Autism – a metaphor discussed

This article on autism by  Uta Frith is now 20 years old, but the first paragraph interests me because it offers an excellent example of how metaphors for understanding shape our perceptions. The ‘glass shell’ metaphor Frith discusses has shaped studies in autism and also how we approach those with autism: Frith wrote:

“The image often invoked to describe autism is that of a beautiful child imprisoned in a glass shell. For decades, many parents have clung to this view, hoping that one day a means might be found to break the invisible barrier. Cures have been proclaimed, but not one of them has been backed by evidence. The shell remains intact. Perhaps the time has come for the whole image to be shattered. Then at last we might be able to catch a glimpse of what the minds of autistic individuals are truly like.” (p.108)

“The old image of the child in the glass shell is misleading in more ways than one. It is incorrect to think that inside the glass shell is a normal individual waiting to emerge, nor is it true that autism is a disorder of childhood only.” (p.114)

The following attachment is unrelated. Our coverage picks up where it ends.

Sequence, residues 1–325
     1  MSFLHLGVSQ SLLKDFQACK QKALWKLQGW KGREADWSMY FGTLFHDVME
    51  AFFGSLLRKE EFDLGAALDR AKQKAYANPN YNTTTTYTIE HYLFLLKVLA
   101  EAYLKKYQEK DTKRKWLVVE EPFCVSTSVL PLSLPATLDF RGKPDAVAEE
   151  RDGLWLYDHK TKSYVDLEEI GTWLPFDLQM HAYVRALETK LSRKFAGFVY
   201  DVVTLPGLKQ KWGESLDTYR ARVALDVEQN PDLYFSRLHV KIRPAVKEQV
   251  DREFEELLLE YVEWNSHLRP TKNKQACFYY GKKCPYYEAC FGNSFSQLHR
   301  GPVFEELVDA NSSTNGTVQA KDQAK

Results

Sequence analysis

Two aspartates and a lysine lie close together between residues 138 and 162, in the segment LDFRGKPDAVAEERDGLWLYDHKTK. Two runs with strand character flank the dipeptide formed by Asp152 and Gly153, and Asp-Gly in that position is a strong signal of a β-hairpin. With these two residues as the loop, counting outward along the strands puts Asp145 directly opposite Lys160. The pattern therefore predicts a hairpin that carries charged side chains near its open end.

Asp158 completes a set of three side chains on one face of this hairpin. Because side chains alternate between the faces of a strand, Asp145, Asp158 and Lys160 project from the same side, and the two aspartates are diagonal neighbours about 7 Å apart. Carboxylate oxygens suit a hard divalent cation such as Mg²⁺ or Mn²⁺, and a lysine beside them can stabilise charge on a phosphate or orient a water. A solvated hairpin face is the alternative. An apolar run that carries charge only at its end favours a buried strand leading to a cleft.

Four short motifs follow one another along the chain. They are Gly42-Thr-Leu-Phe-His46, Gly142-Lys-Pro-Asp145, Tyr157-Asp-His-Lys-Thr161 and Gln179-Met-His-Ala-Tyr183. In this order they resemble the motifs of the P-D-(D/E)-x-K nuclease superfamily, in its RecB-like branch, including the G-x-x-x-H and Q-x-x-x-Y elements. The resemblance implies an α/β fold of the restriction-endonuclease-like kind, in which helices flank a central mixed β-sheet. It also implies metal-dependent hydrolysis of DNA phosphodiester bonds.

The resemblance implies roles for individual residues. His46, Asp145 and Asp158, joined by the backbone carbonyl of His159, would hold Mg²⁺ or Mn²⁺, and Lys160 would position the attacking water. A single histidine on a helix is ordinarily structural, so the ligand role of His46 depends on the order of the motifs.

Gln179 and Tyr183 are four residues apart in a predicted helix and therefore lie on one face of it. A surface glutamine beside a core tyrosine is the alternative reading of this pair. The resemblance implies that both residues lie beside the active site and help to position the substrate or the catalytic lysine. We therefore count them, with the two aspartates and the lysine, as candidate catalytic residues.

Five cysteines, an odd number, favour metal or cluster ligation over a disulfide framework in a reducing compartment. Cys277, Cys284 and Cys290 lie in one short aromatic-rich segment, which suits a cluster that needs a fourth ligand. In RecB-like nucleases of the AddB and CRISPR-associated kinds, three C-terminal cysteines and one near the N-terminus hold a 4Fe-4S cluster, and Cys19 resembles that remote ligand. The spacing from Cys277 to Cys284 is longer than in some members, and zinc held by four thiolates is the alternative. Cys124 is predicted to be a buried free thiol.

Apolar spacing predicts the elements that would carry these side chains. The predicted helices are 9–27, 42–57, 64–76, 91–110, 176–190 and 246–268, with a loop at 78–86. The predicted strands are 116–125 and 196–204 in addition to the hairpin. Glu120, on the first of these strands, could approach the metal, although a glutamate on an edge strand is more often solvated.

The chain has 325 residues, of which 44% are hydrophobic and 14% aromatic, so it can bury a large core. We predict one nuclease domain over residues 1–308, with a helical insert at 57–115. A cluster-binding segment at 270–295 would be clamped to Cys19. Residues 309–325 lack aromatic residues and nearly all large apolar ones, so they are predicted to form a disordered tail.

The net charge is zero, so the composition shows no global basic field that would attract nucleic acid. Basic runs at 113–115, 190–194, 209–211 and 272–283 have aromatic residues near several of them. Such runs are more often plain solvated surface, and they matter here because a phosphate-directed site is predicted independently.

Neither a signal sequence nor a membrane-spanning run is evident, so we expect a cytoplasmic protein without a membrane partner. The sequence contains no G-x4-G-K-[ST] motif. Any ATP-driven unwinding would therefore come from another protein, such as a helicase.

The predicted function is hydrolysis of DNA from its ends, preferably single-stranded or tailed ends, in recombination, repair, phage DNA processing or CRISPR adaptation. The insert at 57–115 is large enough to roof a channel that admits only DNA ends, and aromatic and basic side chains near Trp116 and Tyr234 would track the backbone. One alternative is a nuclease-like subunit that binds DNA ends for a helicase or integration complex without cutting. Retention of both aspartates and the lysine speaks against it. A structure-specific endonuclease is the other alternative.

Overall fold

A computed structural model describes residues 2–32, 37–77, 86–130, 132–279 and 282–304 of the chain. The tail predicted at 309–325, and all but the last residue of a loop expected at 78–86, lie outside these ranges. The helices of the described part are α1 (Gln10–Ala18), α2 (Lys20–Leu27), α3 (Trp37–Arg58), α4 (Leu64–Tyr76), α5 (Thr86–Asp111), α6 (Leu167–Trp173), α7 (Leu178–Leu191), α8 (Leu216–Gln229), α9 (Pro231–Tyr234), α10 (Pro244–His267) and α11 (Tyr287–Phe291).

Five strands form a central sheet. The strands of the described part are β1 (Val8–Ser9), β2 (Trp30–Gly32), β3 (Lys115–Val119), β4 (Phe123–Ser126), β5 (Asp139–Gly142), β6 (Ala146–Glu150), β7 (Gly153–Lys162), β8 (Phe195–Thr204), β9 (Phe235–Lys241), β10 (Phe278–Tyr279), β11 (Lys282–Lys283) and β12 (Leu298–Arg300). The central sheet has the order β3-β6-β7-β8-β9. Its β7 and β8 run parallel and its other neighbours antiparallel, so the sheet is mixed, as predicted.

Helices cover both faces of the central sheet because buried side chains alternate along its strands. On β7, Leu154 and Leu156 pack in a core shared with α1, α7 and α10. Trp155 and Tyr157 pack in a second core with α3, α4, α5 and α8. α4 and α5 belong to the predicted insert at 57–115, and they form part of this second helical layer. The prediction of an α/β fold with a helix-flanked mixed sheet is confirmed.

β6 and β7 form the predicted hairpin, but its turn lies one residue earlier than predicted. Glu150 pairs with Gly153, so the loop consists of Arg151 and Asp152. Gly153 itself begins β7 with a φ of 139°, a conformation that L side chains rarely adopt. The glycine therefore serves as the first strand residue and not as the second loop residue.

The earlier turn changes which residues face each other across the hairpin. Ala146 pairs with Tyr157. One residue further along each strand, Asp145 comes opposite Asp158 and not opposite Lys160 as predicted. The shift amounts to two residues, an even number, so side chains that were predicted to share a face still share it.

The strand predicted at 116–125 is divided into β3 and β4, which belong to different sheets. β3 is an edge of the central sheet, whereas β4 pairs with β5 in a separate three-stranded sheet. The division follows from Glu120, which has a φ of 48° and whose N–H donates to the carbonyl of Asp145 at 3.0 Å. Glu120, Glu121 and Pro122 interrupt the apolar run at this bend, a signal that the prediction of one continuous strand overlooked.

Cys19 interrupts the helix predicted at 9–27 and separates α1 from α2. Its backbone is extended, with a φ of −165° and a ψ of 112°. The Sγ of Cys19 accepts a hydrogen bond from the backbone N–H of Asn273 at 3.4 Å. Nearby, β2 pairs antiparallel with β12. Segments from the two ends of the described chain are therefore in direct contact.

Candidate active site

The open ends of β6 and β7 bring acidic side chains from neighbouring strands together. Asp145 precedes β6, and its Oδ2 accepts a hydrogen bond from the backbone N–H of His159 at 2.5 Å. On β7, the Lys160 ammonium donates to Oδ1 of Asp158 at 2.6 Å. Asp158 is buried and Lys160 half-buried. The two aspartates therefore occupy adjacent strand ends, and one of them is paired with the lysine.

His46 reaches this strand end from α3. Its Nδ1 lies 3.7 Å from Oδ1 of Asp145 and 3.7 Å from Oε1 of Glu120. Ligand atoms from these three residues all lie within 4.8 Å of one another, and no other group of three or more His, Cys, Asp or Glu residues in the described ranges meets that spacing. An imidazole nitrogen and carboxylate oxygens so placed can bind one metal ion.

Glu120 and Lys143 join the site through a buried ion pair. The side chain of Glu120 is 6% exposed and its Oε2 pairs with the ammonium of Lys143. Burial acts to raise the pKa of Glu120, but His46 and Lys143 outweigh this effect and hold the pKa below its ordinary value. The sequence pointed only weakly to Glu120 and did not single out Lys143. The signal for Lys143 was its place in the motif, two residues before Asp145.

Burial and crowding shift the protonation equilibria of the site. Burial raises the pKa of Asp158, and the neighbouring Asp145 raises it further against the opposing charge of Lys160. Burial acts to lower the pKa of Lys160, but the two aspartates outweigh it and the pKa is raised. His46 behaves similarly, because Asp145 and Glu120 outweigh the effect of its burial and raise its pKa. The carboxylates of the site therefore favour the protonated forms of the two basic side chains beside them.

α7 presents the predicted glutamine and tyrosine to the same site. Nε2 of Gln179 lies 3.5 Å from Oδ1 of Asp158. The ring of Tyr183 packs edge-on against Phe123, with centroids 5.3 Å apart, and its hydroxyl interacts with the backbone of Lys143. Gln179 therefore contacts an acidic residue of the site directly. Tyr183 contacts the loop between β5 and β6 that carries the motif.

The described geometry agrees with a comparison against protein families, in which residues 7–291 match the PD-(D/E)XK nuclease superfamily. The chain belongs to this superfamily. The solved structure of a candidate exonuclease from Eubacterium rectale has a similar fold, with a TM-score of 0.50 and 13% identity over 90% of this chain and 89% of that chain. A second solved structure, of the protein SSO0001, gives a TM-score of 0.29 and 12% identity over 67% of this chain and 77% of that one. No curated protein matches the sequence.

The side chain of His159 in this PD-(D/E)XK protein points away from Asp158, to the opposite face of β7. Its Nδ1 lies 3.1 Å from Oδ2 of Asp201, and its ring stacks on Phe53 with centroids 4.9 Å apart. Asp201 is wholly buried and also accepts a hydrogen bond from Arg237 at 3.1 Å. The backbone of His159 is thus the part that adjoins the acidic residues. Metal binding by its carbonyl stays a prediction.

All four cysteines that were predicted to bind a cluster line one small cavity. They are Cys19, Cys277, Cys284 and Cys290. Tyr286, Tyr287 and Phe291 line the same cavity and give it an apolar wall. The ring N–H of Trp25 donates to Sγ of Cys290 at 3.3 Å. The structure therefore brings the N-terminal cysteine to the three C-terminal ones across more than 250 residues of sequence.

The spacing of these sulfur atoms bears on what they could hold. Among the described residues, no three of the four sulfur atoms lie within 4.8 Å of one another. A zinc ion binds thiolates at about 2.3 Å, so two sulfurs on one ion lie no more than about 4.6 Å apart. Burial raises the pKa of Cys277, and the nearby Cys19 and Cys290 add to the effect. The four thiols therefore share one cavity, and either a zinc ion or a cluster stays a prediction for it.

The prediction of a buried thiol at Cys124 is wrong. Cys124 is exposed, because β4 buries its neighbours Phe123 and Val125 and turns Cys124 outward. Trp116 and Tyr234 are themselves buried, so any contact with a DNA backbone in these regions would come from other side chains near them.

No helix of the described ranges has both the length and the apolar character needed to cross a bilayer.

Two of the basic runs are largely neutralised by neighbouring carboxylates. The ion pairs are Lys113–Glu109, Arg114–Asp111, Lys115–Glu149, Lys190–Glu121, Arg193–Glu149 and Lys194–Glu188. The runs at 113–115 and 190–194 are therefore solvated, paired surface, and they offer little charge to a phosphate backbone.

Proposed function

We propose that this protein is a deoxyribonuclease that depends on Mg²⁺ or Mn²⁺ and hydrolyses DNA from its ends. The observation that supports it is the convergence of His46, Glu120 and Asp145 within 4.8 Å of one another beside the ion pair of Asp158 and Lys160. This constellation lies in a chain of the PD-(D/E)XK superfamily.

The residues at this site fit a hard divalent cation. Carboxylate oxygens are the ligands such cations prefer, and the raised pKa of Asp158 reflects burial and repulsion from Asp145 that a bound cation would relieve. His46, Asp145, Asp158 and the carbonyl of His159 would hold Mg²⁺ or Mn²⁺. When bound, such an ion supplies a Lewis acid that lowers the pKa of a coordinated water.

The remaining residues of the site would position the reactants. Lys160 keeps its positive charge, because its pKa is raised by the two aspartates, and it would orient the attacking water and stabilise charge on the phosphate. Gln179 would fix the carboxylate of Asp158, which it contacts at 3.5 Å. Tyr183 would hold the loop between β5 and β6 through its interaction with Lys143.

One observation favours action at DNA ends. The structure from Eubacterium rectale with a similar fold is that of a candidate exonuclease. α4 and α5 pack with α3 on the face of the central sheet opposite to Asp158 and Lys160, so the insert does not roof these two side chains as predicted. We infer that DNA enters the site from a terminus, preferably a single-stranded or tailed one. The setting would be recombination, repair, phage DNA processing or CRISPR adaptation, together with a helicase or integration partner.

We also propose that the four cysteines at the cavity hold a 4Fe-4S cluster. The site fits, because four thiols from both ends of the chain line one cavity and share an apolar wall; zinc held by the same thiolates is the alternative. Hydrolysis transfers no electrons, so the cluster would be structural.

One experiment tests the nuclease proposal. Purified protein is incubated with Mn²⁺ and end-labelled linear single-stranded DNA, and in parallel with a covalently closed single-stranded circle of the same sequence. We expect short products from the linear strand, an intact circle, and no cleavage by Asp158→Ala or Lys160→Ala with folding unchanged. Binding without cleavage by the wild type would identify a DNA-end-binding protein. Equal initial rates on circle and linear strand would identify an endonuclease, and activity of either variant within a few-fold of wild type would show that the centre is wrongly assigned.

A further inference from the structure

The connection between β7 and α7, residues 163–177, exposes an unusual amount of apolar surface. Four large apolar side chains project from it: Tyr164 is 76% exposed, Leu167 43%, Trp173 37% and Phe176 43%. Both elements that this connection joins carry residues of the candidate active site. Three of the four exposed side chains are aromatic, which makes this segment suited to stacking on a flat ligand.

Ref: Frith, U. (1993). Autism. Scientific American, 268, 108-114. (,%20Autism,%20Scientific%20American%20copy.pdf accessed today) …and see below for this and more:

Frith has many of her publications on autism (and on other fields of research) available online at:

and more recent publications:


About backyardbooks

This blog is a kind of electronic storage locker for ideas and quotes that inform my research... literary research into fiction for young adults (with a special focus on New Zealand fiction). Kiwis are producing amazing literature for younger readers, but it isn't getting the academic appreciation it deserves. I hope readers of this blog can make use of the material I gather and share by way of promoting our fiction. Cheers!
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